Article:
BAKERY & CONFECT. UNION v. United Baking Co., 495 F. Supp. 170 (W.D. Pa. 1980)
July 25, 1980
UNITED BAKING COMPANY.
United States District Court, W. D. Pennsylvania.
Theodore Goldberg, Pittsburgh, Pa., for plaintiff.
Robert A. Cohen, Pittsburgh, Pa., for defendant.
*171 MEMORANDUM OPINION GRANTING PLAINTIFF'S MOTION FOR SUMMARY JUDGMENT
KNOX, District Judge.
This action is brought by the International Health Benefits and Pension Funds of the Bakery and Confectionery Union claiming violations of the collective bargaining agreements to make payments into these funds. The action is brought under various subsections of Section 502 of ERISA (Employment Retirement Income Security Act of 1974) 29 U.S.C. § 1132 and also under Section 301(a) of the Labor Management Relations Act of 1947 as amended, 29 U.S.C. § 185(a).
The plaintiff claims that defendant has violated the collective bargaining agreement whereby it agreed to make payments into the plaintiff pension and health benefits fund. (Hereinafter the "funds"), particularly Appendix B, Section C(1) attached to the amended complaint and also Appendix C, Subsection E. In these provisions of the collective bargaining agreement, it is provided that the employer is to make payments into the international welfare fund and into the pension fund at rates as set forth in the contract.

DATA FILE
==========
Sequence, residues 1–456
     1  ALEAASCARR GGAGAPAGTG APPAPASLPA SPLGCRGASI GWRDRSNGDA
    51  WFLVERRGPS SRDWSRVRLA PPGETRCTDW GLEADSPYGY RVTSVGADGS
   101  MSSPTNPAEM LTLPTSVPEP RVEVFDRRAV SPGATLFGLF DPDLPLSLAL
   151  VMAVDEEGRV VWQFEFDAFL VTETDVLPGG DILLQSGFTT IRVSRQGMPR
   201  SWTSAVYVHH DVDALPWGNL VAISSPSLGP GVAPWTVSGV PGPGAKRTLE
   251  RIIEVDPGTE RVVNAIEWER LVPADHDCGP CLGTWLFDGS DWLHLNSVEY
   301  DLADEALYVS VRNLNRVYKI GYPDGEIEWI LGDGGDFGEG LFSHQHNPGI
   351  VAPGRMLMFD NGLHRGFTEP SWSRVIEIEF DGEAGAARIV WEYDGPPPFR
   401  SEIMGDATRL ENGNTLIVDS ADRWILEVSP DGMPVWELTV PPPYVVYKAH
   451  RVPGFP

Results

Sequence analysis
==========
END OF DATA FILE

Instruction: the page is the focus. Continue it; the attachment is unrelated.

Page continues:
The key words as far as the present controversy is concerned are contained in the language, "for each day or portion thereof on which an employee subject to the collective bargaining agreement receives pay." The question is whether payments of severance pay and vacation pay under the circumstances existing here where there had been an illegal strike which was settled constitute pay with respect to payments into the welfare and pension fund. Both parties agree that the defendant United Baking Company was forced to cease operations in 1978. There had been a long strike by the Bakery and Confectionery Union hereinafter (union) wherein the union members refused to work unless their demands were granted. Eventually, the company stated it was unable to meet the union demands and was compelled to sell its assets and liquidate. The purchaser naturally was alarmed about purchasing the defendant's assets under these conditions and the union demanded that the dispute regarding severance and vacation pay be settled before it would agree to the purchase of the company's plant facilities. Otherwise, the purchaser was merely buying a strike. Eventually, a settlement agreement was reached with the union and turned into a settlement agreement which is attached to the affidavit of Robert D. Martin, filed by the defendant. This agreement provides that United Baking should pay certain portions of the severance pay in installments and provides "this sum is to be distributed pro rata to those employees entitled to severance pay." In like manner it was provided that United shall pay for all unpaid vacations due and owing as of May 1, 1978 in installments in accordance with the schedule attached to the agreement marked Exhibit B. The agreement had numerous other agreements in it and broad general releases by United against the union and all employees arising out of matters resulting in the releases exchanged between the parties. There were mutual releases and discharges also by the union and their members to United and Barsotti, the purchaser.